New disclosures show MVP denied 15.5 percent of patient claims in 2012; Blue Cross denied 7.6 percent

 

2012 Health Insurance Filing

This story was updated at 12:53 p.m. on March 20, 2013 to include CEO bonuses and other compensation.

For the first time, Vermont health insurers disclosed a bundle of information about how much money they spend on executive salaries and how many patients are denied coverage.

Two health insurance companies — in accordance with Act 150 from last legislative session — divulged CEO salaries, lobbying expenses, legal fees and denial rates, among other details.

Blue Cross Blue Shield Vermont and MVP Health Care submitted their 2012 Act 150 filings earlier this month, but Cigna did not.

“They failed to meet the deadline,” said Susan Donegan, commissioner of the Department of Financial Regulation, about the health insurance giant.

Cigna, which insures employees at large Vermont companies and administers health plans for state employees, is the only Vermont health insurer that has not turned in its filing.

“We take these filings seriously, and carriers understand it’s a responsibility,” Donegan said. “We’ve communicated that to Cigna, and they are in the process of getting us that report in the next couple of weeks.”

The Vermont Public Interest Research Group, or VPIRG, pushed hard for this new transparency law. Falko Schilling, VPIRG’s consumer protection advocate, said that the information contained in the new filings was always available; it was just very difficult for the public to find. Cassandra Gekas, the former health care advocate for VPIRG and Democratic candidate for lieutenant governor, pressed for the legislation last session.

“The impetus behind this bill is we wanted to pull back the curtain on (claims denials) and let people see how often this is happening and do some side-by-side comparisons of insurers,” Schilling said.

The filings also give consumers easy access to information about how much insurance companies spend on items not related to health care.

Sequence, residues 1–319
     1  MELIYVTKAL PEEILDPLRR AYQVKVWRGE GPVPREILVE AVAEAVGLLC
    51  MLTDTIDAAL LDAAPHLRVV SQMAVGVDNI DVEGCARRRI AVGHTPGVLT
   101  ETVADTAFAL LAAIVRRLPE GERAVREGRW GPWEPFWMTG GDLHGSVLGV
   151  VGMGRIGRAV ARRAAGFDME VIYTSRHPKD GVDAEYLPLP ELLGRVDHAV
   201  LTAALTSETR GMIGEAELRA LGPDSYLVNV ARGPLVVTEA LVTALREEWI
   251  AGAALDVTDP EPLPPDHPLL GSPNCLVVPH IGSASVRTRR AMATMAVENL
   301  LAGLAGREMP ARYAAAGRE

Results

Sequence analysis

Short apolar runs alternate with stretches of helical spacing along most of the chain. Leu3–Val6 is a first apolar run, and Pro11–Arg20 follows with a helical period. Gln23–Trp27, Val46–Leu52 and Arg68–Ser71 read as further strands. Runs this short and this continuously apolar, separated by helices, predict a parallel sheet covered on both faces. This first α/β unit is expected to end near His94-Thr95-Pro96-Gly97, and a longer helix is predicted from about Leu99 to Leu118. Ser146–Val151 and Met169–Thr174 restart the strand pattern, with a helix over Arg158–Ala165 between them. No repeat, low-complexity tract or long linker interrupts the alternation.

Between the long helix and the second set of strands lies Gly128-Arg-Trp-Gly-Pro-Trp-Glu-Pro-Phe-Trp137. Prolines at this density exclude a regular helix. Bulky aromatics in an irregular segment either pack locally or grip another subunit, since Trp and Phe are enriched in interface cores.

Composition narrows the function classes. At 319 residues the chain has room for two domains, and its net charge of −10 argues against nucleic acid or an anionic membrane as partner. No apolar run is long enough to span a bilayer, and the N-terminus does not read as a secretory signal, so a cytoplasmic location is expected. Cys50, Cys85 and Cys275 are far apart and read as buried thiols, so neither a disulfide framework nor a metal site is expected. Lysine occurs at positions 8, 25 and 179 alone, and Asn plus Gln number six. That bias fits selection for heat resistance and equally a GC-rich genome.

Blue Cross Blue Shield and MVP, combined, insured more than 150,000 individual members and employees in the Green Mountain State last year. Blue Cross insured 132,963 Vermonters and MVP insured 28,329.

In 2012, MVP denied 15.5 percent, or 89,841, of the 579,502 claims it received. That is more than twice the percentage of claims denied by Blue Cross, which rejected 194,496, or 7.6 percent, of its customers’ 2,572,729 claims.

Of those denials, the ones “that directly impact member cost sharing,” the filing says, are called “member impact claim denials.”

“It mostly has to do with the level of coverage,” Schilling said about these denials. “It’s mostly (an insurance company) saying these services aren’t covered or you didn’t go through the proper procedures to get this coverage.”

MVP’s member impact denial rate was about five times that of Blue Cross. Of MVP’s claims, 3.97 percent, or 20,704, were member impact denied. Meanwhile, 0.8 percent, or 20,211, of Blue Cross’ claims were member impact denied.

MVP also paid out more than twice as much for its CEO in 2012. MVP paid $1,250,000 for the CEO position, which Denise Gonick took over from David Oliker in December. Of that amount, $704,000 went to MVP’s CEO salary, $241,324 went to CEO bonuses and $305,176 went to the CEO  in “other compensation.”

Blue Cross CEO Don George, by comparison, earned a total $587,184 last year — $574,913 went to George’s salary and $12,271 was paid to George in bonuses.

While George runs Blue Cross Vermont, Gonick oversees MVP’s insurance coverage for roughly 650,000 members in New York, New Hampshire and Vermont.

The cumulative salaries of Blue Cross board members, however, equate to $246,623. MVP reported that it didn’t pay a penny for board member salaries in 2012.

When it came to marketing, MVP spent $516,358 in Vermont and Blue Cross doled out $743,968. That means MVP members spent, on average, $18.23 on their insurance company’s marketing, while Blue Cross members spent $5.60.

Per member lobbying expenses were essentially even at about $1.95. MVP spent $55,366 on lobbying, while Blue Cross spent $258,347.

Neither company reported political donations, but they did shell out for trade organizations.

MVP spent a combined $120,997 to join America’s Health Insurance Plans (AHIP), the Vermont Business Roundtable, Vermont Businesses for Social Responsibility, and the Lake Champlain Regional Chamber of Commerce. About $120,500 of MVP’s dues went to AHIP.

Blue Cross, on the other hand, paid out $55,919 in dues to the Blue Cross Blue Shield Association and did not report paying for membership in any other organizations.

While MVP didn’t report any legal expenses related to claims denials or charitable donations, Blue Cross reported $164,869 in legal fees and $46,245 in donations.

Susan Gretkowski, who lobbies for MVP in the Vermont Statehouse, said her company did not oppose Act 150 when it moved through the Legisltuare last year.

“We feel transparency is important,” she said. “This information has been filed for a long time with (the Vermont government), and now it’s more accessible.”

Clarification: The initial version of this story only included CEO salaries. The updated version includes CEO bonuses and other compensation.


Andrew Stein

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